It feels like a natural thing to be reflecting on the spirituality of St John’s gospel; after all, it has been referred to as ‘the spiritual gospel’ since the early church. Mark’s driving narrative presents us with Jesus as a man of action, making clear who he is through what he does. Matthew’s organised presentation depicts Jesus as the new Moses, sitting on a new holy mount bringing down a new ‘law’ and fulfilling the destiny of God’s people. Luke’s careful research presents us with a radical Jesus, reaching out to the marginalised with his agenda for the poor, supported by women in a mission that spills over into the gentile world (in his sequel).
But John offers us something different. Here, Jesus acts, but every action has a surplus of symbolic significance. Jesus teaches, but his teaching is at once simple and obscure, and his listeners struggle to make sense of his multiple meanings. Jesus reaches out, but every missional word and act is laden with spiritual significance and offers a glimpse of his cosmic stature.
This is indeed ‘gospel’, a good word of the good news of what God has done for us in Christ. But it is good news reflected on, with the full implications drawn out, so that it invites us in to make sense of its account, to render judgement ourselves, and eventually to join our testimony with the testimony it offers. The stage on which the drama unfolds is a cosmic stage on which we, and all of history, eventually become players. In the same way that this gospel offers a different perspective from the other gospels, it also offers a different perspective on spirituality which challenges many of our assumptions.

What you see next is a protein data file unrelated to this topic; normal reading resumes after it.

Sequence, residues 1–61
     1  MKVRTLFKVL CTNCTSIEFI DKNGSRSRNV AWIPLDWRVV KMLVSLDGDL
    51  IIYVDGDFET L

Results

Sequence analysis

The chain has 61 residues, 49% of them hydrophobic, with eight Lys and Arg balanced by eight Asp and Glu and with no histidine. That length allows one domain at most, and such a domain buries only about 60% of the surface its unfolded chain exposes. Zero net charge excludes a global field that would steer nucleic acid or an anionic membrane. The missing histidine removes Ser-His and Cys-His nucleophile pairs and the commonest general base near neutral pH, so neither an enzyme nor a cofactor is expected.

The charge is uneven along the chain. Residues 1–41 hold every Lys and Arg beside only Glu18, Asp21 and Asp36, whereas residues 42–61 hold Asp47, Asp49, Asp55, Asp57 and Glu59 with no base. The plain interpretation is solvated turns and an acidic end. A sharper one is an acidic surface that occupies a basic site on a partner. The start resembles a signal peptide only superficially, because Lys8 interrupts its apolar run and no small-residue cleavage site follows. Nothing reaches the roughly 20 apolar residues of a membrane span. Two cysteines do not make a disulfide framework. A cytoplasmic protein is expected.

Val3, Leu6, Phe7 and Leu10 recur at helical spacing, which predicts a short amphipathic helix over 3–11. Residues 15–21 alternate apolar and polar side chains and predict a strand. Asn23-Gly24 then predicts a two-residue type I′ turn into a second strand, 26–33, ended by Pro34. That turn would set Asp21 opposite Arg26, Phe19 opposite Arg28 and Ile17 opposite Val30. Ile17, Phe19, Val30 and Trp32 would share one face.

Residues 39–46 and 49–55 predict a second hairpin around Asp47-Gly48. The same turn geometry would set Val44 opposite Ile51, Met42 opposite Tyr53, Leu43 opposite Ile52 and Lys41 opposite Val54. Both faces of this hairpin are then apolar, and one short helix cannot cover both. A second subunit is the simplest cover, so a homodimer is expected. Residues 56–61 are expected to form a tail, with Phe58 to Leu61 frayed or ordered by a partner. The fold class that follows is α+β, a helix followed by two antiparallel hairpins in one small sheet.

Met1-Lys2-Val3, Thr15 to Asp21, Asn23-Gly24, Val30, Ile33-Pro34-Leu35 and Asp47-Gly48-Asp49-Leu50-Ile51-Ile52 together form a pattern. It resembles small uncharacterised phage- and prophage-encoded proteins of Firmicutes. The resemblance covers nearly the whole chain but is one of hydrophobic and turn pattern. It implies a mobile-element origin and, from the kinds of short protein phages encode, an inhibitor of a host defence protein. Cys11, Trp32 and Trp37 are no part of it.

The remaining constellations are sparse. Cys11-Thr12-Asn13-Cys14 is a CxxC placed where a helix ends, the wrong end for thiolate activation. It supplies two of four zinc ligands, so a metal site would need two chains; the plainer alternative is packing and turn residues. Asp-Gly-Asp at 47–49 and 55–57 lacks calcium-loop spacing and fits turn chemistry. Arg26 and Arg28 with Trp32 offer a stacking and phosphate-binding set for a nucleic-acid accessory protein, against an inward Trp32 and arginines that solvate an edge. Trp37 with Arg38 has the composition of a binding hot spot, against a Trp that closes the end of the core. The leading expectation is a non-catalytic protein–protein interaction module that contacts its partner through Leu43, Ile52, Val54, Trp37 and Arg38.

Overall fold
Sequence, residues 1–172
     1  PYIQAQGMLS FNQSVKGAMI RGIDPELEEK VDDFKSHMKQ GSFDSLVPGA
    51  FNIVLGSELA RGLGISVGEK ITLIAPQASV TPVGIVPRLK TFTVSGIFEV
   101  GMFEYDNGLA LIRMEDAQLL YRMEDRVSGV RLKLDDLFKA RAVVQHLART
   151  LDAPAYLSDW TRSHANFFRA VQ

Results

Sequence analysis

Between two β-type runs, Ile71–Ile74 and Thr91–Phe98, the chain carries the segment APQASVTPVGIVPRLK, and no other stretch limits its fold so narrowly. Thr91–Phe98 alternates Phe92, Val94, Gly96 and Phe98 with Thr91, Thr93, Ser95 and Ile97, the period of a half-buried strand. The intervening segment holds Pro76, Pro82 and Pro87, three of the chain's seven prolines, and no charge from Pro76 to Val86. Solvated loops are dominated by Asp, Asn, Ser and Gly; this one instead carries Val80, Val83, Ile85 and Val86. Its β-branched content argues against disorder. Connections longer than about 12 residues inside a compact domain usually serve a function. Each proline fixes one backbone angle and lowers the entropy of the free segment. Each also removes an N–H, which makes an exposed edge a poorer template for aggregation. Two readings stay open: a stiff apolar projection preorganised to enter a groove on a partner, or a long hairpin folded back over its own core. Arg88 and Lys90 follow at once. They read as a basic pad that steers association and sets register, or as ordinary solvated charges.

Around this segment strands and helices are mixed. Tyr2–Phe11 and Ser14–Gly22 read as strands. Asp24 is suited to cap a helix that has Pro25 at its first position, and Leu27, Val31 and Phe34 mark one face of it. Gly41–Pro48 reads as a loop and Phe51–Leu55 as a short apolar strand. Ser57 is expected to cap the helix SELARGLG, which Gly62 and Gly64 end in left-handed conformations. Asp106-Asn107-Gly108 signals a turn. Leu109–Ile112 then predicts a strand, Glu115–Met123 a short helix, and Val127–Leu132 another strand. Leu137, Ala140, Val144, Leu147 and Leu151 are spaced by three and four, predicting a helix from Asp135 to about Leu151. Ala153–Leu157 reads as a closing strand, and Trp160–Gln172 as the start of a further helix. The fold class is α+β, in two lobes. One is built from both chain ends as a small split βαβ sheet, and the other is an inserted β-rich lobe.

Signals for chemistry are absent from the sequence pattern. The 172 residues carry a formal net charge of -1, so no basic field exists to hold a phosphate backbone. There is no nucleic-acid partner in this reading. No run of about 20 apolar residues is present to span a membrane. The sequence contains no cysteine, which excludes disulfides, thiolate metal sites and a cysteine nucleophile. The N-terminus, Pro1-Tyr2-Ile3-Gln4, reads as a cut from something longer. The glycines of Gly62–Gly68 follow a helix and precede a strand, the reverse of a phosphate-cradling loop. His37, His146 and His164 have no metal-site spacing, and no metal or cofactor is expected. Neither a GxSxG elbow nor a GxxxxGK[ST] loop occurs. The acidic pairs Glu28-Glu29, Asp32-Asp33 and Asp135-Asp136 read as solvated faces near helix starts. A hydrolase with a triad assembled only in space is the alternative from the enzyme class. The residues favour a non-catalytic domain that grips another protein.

And John’s gospel becomes particularly significant as we approach Easter, the cross and resurrection, as John offers us a distinctive perspective.
1. A Spirituality of the Mundane
One of the most striking things about John is where he starts his gospel. Mark is content to make brief reference to the prophetic anticipation of the events he recounts, where Matthew and Luke, whilst tracing his genealogical roots, start with the beginning of the life of Jesus. John is much more ambitious—he takes us back the beginning of life itself. Whilst this could leave us with an other-worldly perspective, John in fact brings us right down to earth: this cosmic origin of all life is now before us in flesh and blood. John is not concerned to set the supernatural over against the natural; rather, he shows us the supernatural made manifest in the natural. It is when the Word becomes flesh that we see the glory that he had before all worlds.
This focus on the natural as the bearer of the supernatural, on the mundane as the bearer of the holy, makes itself felt throughout the gospel. Where the other gospels focus on miracles which provide dramatic proof of Jesus’ radical new authority, in John the miraculous is merely a ‘sign’ pointing to a greater reality—often a sign given in secret, communicating the truth only to those with eyes to see. In Mark, the first day of Jesus’ ministry sees demoniacs convulsing, demons shrieking, onlookers amazed, mother-in-laws miraculously cured and all kinds of diseases banished. At the end of Jesus first miracle in John, wedding guests are rather pleased at a vintage year of Chateau Cana and only the disciples know its secret significance.